What is Advantaged Thinking?

Our work is led by the principles of Advantaged Thinking [234kB PDF]. Advantaged Thinking emphasises what people can do rather than what they can’t do. This builds young people’s capacity to make positive decisions in their lives, to think and act on their own behalf.

The Advantaged Thinking approach was developed by Colin Falconer of the UK Foyer Federation and adapted by the Brotherhood of St Laurence for use in Australia. 

At the heart of Advantaged Thinking lies an understanding of people’s rights to develop a good life, one which they have reason to value, and a focus on developing strengths and assets rather than problems and needs. This approach recognises that people’s capability to choose different pathways in life must be matched with actual opportunities and the resources to realise them. Advantaged Thinking is the fulfilment of this philosophy in practice. 

To begin engaging with Advantaged Thinking, visit Where to Start on the UK Advantaged Thinking website.

The 7 Tests of Advantaged Thinking

We use the ‘7 Tests of Advantaged Thinking’ to frame how we interact effectively and respectfully with others.

The 7 Tests are:

  1. How you TALK about people
  2. How you UNDERSTAND people
  3. How you WORK with people
  4. How you INVEST in people
  5. How you BELIEVE people
  6. How you INVOLVE people
  7. How you CHALLENGE people
Commit to working on each of the 7 Tests of Advantaged Thinking in your work

5 Practice Areas

The Advantaged Thinking approach recognises that with the right set of investments, service
participants’ talents can be scouted out and coached to build their potential. However, coaching
alone is not sufficient, we also need to attend to the kinds of structures and supports around
the service participant. Whether the service relates to education, employment, wellbeing or
housing, these five areas need to be addressed in practice.

Advantaged Thinking operationalises this at a service level through 5 Key Practice Areas:
Places, People, Opportunities, The Deal and The Campaign.


An Advantaged Thinking approach focuses on creating places and environments that inspire and challenge young people. Place is also key to shaping the way in which we access opportunities and the kinds of experiences we have.


An Advantaged Thinking service surrounds young people with access to a diverse range of staff, community members, networks and volunteers, who have a variety of skills and life experiences and who hold strong beliefs in the abilities and capacity of young people and recognise them as talented and valuable assets for the community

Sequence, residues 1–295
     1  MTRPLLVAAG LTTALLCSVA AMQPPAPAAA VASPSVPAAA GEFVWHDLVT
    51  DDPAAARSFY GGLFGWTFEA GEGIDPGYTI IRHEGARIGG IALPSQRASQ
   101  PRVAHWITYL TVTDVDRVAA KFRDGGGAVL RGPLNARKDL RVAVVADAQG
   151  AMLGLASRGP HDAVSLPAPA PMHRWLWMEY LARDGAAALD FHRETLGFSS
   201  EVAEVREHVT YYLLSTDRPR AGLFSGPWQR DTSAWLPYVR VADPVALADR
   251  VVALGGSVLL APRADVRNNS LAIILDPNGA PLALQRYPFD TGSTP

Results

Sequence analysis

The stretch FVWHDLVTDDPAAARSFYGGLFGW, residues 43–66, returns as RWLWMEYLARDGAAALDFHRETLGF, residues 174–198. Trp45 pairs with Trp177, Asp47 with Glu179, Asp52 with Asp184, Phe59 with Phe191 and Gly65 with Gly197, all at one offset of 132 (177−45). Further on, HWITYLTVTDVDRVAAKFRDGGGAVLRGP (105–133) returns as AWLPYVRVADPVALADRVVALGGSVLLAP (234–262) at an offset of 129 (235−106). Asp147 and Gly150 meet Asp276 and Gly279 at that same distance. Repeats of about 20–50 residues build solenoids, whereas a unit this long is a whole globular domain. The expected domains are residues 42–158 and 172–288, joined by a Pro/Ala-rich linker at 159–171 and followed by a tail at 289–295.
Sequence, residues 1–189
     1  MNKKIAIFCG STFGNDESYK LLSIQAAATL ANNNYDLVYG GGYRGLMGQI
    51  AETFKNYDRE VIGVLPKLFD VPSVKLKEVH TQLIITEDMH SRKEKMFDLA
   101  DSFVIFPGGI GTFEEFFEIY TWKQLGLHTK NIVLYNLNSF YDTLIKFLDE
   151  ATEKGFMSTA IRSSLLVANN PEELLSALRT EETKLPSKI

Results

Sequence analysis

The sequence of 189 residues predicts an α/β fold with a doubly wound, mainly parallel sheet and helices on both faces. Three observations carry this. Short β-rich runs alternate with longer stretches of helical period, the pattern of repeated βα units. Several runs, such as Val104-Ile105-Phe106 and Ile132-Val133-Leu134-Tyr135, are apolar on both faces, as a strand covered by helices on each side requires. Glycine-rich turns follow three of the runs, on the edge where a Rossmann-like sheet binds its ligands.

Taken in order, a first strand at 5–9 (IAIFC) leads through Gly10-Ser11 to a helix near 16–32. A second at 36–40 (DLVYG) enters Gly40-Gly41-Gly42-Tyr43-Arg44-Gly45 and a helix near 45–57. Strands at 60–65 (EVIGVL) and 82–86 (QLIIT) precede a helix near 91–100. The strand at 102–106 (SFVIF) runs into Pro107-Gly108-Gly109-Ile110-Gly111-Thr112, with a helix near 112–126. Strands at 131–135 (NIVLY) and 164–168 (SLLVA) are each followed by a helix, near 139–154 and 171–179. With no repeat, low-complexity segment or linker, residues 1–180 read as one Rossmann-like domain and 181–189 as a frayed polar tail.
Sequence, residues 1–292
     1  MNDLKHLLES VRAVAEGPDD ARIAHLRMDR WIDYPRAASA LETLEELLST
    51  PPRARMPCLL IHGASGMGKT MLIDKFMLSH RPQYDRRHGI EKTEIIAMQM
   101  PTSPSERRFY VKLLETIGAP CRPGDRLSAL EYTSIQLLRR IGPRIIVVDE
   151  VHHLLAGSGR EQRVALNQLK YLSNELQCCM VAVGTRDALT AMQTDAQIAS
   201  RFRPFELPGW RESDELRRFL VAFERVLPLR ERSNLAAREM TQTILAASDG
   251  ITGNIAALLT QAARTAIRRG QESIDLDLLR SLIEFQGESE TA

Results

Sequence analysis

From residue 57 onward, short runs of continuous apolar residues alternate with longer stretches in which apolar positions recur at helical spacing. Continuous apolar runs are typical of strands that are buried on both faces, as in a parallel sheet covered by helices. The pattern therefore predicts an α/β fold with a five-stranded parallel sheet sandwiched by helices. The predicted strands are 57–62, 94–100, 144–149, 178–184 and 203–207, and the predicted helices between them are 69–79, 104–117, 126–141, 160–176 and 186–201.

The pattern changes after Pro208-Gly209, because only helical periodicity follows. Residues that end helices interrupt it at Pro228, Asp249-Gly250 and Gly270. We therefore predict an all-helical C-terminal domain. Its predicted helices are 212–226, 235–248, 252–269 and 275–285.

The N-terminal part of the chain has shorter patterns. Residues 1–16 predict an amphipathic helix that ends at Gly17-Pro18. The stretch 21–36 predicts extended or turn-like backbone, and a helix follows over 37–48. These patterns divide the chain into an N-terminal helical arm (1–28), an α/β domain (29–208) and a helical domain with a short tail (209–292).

We all need access to resources and opportunities to promote and develop our skills and sense of self if we are to be successful in achieving our goals. An Advantaged Thinking service provides access to opportunities, resources and networks that can promote and develop young people’ talents and enable them to realise their aspirations.

The Deal

The Deal is an ethos expressed throughout service delivery. This ethos works to give the participant more control by enabling them to understand: what they are committing to; what is on offer to them; how they can be involved in tailoring the approach; and how they can grow through the process to reach a more sustainable and positive livelihood.

The Campaign

Changing community perceptions involves challenging those around us to see young people as citizens, rather than labels, and working to reform the systems and structures that impede their potential. The Campaign focuses on changing community perceptions, demonstrating that young people have talent that can be nurtured and working with mainstream institutions to create structural change

Use positive language rather than the language of disadvantage

Fundamentally, the Advantaged Thinking approach challenges us to re-think how we speak about young people – to use positive language rather than the language of disadvantage. The Advantaged Thinking Language Guide [1677kb PDF] is a great tool for being more mindful personally and professionally.

Want to learn more?

The Brotherhood of St Laurence can provide expert support to understand the purpose and
qualities of the 5 Key Practice Areas, the 7 Tests of Advantaged Thinking and the key principles
that underpin each area to help inform service or program design, and to embed this practice
approach in service delivery. This support can be offered through the delivery of bespoke
consultancy or training packages, or through guided implementation of the Advantaged
Thinking Self-Assessment Framework.

The BSL is committed to continuing The Campaign of Advantaged Thinking through our
communities of practice, training, self-assessment and resource development opportunities.
Those interested in learning more about the Advantaged Thinking practice approach are
encouraged to contact staff at the BSL by emailing Youth.Practice@bsl.org.au